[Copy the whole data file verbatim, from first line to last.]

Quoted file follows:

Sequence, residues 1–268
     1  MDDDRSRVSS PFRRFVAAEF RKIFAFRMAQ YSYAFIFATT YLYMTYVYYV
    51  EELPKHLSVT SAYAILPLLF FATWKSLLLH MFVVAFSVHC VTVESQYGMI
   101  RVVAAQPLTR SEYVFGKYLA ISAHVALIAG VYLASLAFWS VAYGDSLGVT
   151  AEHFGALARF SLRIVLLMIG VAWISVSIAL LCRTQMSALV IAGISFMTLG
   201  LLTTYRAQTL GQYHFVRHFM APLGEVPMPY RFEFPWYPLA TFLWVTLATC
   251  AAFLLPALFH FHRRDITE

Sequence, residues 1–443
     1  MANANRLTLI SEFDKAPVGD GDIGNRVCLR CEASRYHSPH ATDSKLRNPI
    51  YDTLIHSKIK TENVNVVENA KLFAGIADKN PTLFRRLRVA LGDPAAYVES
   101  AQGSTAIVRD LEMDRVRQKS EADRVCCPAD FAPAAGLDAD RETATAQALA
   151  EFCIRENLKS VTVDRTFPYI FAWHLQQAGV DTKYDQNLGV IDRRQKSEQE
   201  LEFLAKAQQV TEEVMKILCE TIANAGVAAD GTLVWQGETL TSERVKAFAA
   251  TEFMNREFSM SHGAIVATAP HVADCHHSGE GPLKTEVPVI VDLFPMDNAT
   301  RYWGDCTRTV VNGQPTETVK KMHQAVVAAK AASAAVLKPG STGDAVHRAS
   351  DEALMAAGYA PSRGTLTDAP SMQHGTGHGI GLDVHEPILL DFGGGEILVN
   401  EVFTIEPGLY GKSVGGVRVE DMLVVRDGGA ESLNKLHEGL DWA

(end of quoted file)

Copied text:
Sequence, residues 1–268
     1  MDDDRSRVSS PFRRFVAAEF RKIFAFRMAQ YSYAFIFATT YLYMTYVYYV
    51  EELPKHLSVT SAYAILPLLF FATWKSLLLH MFVVAFSVHC VTVESQYGMI
   101  RVVAAQPLTR SEYVFGKYLA ISAHVALIAG VYLASLAFWS VAYGDSLGVT
   151  AEHFGALARF SLRIVLLMIG VAWISVSIAL LCRTQMSALV IAGISFMTLG
   201  LLTTYRAQTL GQYHFVRHFM APLGEVPMPY RFEFPWYPLA TFLWVTLATC
   251  AAFLLPALFH FHRRDITE

Sequence, residues 1–443
     1  MANANRLTLI SEFDKAPVGD GDIGNRVCLR CEASRYHSPH ATDSKLRNPI
    51  YDTLIHSKIK TENVNVVENA KLFAGIADKN PTLFRRLRVA LGDPAAYVES
   101  AQGSTAIVRD LEMDRVRQKS EADRVCCPAD FAPAAGLDAD RETATAQALA
   151  EFCIRENLKS VTVDRTFPYI FAWHLQQAGV DTKYDQNLGV IDRRQKSEQE
   201  LEFLAKAQQV TEEVMKILCE TIANAGVAAD GTLVWQGETL TSERVKAFAA
   251  TEFMNREFSM SHGAIVATAP HVADCHHSGE GPLKTEVPVI VDLFPMDNAT
   301  RYWGDCTRTV VNGQPTETVK KMHQAVVAAK AASAAVLKPG STGDAVHRAS
   351  DEALMAAGYA PSRGTLTDAP SMQHGTGHGI GLDVHEPILL DFGGGEILVN
   401  EVFTIEPGLY GKSVGGVRVE DMLVVRDGGA ESLNKLHEGL DWA